Open Access

Balanced study groups in a randomized trial - authors' response

Critical Care201115:460

https://doi.org/10.1186/cc10549

Published: 8 December 2011

Thank you for giving us the chance to reply to the comment raised by Dr Munis [1]. As we wrote in the Materials and methods section of our article [2], we used a sealed envelope, simple randomization procedure in a 1:1 proportion of intervention to control. No stratification was performed, although there are some factors affecting the study group homogeneity.

The strict inclusion and exclusion criteria resulted in a narrow spectrum of patients in the study: 'healthier' patients were not entered, and 'sicker' patients usually underwent a less invasive procedure. Also, disease prevalence is not independent in such a homogenous group; for instance, patients undergoing abdominal aortic surgery (comprising 66% of included patients) were mostly men aged over 60 years and smokers. The association with peripheral artery disease is given by the procedure itself; hypertension, ischemic heart disease and pulmonary pathologies are common. When the procedure distribution is balanced, the same could be expected with associated variables. This can affect similar balancing observed in other optimization studies [35].

Also, we have to admit that the list of demographic data (Table 2 in [2]) was not comprehensive. Some screened, but not entirely important, conditions were omitted for reasons of conciseness. The absence of these rarer states could contribute to the image of balanced study groups. These conditions are now listed in Table 1 here.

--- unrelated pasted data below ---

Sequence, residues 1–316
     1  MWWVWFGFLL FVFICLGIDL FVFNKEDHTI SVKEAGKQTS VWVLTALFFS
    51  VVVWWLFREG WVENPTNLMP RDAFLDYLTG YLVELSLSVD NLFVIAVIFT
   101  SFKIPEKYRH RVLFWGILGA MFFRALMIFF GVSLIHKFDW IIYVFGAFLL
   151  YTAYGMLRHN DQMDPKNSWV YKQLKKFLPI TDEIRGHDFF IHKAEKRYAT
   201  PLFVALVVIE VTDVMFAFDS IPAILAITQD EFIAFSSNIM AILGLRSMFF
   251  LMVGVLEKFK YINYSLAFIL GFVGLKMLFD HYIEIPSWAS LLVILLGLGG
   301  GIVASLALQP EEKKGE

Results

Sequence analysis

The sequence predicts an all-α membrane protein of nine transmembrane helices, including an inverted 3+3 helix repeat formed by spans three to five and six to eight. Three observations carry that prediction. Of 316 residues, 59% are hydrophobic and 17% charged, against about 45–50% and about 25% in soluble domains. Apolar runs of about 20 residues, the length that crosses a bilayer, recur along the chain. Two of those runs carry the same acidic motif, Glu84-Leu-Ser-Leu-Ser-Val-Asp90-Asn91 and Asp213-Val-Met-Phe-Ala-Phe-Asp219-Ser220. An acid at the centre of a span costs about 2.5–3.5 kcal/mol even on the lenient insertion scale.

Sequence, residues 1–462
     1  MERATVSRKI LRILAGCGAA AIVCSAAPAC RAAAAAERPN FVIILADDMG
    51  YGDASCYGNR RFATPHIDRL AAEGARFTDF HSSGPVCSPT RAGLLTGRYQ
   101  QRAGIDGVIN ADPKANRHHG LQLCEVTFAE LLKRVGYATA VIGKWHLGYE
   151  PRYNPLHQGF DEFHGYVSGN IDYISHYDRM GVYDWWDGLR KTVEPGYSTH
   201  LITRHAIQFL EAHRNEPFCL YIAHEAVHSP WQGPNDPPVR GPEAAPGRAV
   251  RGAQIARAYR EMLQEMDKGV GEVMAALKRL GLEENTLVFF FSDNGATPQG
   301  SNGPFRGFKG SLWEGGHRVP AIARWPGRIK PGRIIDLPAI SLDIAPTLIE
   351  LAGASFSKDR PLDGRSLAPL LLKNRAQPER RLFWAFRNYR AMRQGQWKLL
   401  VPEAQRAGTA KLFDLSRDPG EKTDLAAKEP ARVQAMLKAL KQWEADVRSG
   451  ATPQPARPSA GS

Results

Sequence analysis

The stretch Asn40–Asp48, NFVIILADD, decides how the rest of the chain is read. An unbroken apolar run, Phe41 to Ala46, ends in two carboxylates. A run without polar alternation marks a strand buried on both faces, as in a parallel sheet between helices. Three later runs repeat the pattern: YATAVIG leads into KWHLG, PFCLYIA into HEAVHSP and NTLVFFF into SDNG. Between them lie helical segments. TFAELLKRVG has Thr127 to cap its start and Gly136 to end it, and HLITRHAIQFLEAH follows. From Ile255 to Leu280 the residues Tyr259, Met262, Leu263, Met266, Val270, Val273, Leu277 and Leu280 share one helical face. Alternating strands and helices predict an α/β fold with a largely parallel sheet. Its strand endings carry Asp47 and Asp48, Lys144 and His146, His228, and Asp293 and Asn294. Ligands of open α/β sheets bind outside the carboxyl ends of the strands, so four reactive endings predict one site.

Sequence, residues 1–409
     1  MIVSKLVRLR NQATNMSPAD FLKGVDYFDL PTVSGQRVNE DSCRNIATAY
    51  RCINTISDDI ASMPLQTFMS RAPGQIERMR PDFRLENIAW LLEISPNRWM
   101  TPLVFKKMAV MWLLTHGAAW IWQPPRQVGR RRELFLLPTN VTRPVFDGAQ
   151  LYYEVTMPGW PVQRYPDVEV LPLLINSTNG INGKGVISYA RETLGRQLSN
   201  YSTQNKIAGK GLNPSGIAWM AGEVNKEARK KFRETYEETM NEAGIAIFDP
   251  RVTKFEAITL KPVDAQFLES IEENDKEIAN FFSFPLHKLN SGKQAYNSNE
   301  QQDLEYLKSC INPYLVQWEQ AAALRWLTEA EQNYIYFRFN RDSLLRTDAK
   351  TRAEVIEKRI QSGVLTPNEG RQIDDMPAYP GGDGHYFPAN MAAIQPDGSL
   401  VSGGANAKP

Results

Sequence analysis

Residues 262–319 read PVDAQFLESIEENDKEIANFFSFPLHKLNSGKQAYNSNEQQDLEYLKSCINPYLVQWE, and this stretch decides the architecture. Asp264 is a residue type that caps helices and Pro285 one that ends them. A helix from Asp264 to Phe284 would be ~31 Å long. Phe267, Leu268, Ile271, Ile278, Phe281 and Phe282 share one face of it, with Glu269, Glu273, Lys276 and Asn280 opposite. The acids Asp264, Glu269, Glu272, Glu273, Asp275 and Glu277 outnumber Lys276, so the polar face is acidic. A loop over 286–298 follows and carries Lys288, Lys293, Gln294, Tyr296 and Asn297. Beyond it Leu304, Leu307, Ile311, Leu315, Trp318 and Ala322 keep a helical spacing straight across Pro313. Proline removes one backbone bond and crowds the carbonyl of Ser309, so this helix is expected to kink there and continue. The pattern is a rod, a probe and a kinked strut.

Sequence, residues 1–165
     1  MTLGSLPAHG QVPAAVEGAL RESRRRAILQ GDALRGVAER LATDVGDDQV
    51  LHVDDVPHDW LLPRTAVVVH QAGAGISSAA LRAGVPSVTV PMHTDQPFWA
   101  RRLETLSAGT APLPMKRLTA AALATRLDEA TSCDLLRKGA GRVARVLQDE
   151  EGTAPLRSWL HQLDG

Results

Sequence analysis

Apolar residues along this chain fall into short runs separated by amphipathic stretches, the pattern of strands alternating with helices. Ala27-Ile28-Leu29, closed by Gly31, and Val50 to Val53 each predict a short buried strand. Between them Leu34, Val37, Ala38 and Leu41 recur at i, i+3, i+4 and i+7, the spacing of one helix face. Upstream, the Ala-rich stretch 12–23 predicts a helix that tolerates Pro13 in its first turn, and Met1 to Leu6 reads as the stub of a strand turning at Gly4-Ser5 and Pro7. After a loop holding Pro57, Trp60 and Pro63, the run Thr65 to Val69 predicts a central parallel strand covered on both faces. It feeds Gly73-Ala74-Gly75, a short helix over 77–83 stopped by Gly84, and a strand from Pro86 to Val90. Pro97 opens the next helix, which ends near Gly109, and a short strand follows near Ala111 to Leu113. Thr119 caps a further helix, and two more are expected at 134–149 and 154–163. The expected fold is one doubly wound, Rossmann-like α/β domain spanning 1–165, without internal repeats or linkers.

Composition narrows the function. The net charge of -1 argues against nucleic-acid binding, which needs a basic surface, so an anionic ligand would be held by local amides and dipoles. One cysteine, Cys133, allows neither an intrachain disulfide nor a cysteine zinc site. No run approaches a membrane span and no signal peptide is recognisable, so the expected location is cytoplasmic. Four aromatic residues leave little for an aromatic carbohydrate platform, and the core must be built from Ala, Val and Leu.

Table 1

Chronic disease conditions

Condition

Vigileo group

(N = 60)

Control group

(N = 60)

P-value

Pancreatitis in anamnesis

2 (3%)

0 (0%)

0.4758

Obesity

5 (8%)

10 (17%)

0.2695

Pulmonary embolism in anamnesis

5 (8%)

2 (3%)

0.4360

Chronic liver disease (usually mild to severe)

5 (8%)

2 (3%)

0.4360

In conclusion, though our study was not intentionally stratified, the population homogeneity and dependence on disease prevalence could create some sort of 'pre-stratification'. With the inclusion of the rare conditions, however, the groups are not that balanced. We hope our explanation helps to elucidate and answer the problem raised by Dr Munis.

Declarations

Acknowledgements

The study was supported by a research grant of Czech Ministry of Education, MSM0021620819.

Authors’ Affiliations

(1)
Department of Anesthesiology and Intensive Care, Charles University hospital

References

  1. Request for clarification of randomization method[http://ccforum.com/content/14/3/R118/comments]
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Copyright

© BioMed Central Ltd 2011

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